Whilst having a set period of time off of work might be Heaven for some, for those of us who are sick, it’s a bit of a nightmare.
I’ve found that the chronic illness community – myself totally included – are great at putting everything first but ourselves first, and when the mention of “being signed off” comes up in conversation, we’ll often shoot it down or think about all the things it might mean, rather than accept we need it. I’ve been signed off for more time that I care to remember, and it still never feels any easier!
In the UK, you can self-certificate for up to 7 days. What this means is for this short period of time, you don’t need a a sick note from your GP or other healthcare professional. Think of it when you have a really bad cold and take a couple of days off work – no one asks you to see the sick note do you? And, interestingly, you don’t really think twice about being off for something like a cold.
But when it comes to needing a decent amount of time off work either post-surgery, a period of illness or just simply because your body needs it, we find it hard and spend our time worrying about what it might bring.
So, I’ve complied some tips and suggestions to help you cope when you’re signed off – be that for any health-related reason.
Probably the most important – try not to worry about your finances.
I know it’s totally easier said than done, but you have to try and separate any worries about your finances – worry and stress are not going to help you get better. There is a saying that “having your health is wealth” and it’s so true – if you continue to push yourself and make yourself iller and iller, then working may become achievable. You’ve got to listen to what your body needs.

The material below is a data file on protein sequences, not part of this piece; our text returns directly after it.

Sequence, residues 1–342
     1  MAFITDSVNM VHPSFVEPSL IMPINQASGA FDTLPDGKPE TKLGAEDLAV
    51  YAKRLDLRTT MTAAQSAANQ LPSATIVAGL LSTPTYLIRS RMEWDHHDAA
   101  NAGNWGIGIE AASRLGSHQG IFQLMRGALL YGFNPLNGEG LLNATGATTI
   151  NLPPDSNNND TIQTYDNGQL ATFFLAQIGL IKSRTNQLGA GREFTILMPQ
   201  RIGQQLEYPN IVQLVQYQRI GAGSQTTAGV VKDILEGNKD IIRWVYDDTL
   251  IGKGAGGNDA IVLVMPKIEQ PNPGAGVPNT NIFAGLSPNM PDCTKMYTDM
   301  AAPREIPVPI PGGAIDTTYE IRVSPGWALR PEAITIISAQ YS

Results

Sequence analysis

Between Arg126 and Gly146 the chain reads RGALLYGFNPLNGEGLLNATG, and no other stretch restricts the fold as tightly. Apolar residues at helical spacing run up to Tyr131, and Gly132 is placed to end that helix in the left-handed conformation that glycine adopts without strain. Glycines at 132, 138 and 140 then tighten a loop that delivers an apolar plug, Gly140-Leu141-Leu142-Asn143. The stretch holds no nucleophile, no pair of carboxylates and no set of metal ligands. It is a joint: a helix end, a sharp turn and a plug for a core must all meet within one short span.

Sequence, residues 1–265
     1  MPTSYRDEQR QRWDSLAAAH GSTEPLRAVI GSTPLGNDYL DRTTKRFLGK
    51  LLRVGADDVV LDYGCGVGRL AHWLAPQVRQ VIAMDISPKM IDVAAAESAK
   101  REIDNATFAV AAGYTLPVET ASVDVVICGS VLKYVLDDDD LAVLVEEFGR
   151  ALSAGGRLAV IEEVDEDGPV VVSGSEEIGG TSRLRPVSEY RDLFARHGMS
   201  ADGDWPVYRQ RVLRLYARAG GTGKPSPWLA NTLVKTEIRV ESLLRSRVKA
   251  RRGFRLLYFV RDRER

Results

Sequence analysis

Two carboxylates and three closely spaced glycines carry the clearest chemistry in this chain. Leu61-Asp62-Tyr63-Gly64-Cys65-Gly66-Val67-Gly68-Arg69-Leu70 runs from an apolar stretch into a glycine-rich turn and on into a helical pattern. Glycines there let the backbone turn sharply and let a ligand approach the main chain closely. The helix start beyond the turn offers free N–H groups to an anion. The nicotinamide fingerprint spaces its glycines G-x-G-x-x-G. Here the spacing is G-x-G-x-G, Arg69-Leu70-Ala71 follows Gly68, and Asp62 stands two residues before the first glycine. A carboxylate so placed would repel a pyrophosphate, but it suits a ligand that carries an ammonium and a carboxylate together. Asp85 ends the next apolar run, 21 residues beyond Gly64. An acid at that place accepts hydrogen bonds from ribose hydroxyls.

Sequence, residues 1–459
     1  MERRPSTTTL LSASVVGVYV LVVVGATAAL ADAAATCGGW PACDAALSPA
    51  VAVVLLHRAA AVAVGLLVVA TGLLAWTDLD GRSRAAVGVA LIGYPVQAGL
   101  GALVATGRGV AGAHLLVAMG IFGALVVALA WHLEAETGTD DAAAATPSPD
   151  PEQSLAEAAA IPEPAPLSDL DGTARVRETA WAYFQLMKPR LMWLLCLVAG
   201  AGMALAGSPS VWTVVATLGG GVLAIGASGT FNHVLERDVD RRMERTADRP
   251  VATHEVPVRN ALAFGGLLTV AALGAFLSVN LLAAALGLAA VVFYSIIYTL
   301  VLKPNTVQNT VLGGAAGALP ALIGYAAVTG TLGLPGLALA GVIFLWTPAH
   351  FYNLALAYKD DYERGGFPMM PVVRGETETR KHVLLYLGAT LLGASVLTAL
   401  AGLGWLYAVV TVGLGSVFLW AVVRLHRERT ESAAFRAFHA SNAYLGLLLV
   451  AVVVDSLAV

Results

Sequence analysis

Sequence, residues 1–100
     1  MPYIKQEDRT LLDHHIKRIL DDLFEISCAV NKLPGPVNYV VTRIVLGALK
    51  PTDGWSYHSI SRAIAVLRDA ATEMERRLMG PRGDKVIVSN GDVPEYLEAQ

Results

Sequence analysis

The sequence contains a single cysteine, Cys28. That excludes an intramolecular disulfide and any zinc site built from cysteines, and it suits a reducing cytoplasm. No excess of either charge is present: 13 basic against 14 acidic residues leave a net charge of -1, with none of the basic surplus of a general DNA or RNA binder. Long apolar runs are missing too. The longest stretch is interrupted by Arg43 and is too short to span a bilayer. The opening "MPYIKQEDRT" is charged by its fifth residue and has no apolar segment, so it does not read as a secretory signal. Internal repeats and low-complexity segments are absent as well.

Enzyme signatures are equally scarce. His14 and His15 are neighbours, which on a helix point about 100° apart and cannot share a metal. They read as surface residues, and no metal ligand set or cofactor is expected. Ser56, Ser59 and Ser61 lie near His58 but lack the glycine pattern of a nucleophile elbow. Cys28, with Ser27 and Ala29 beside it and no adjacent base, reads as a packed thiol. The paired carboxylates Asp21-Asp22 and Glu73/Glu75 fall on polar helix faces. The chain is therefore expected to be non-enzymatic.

If you know you’re going to be off in advance (e.g. elective surgery), then make sure you talk to your employer and gain as much information as possible regarding their policies on sick pay and absences. Whilst not every employer has to give paid sick leave, in the UK employees are entitled to Statutory Sick Pay – think of it as a Government thing. And although these payments are very often not reflective of your normal salary they are something. Other things you can do if you know in advance is save a little extra or adjust things to avoid spending unnecessarily.
If you don’t know in advance or are off for longer than expected, then making sure you talk to your partner and/or family so that you can keep on top of your finances and know what’s what. I’ll often keep in touch with my companies payroll team so that I am aware of what is coming off of my monthly payslip, as this often eases my worries.
Communication is important.
Making sure that people know you’re off can be helpful (if you’re comfortable with others knowing) – there’ll be less expectations on you and you’ll have a good number of people to count on if you need it.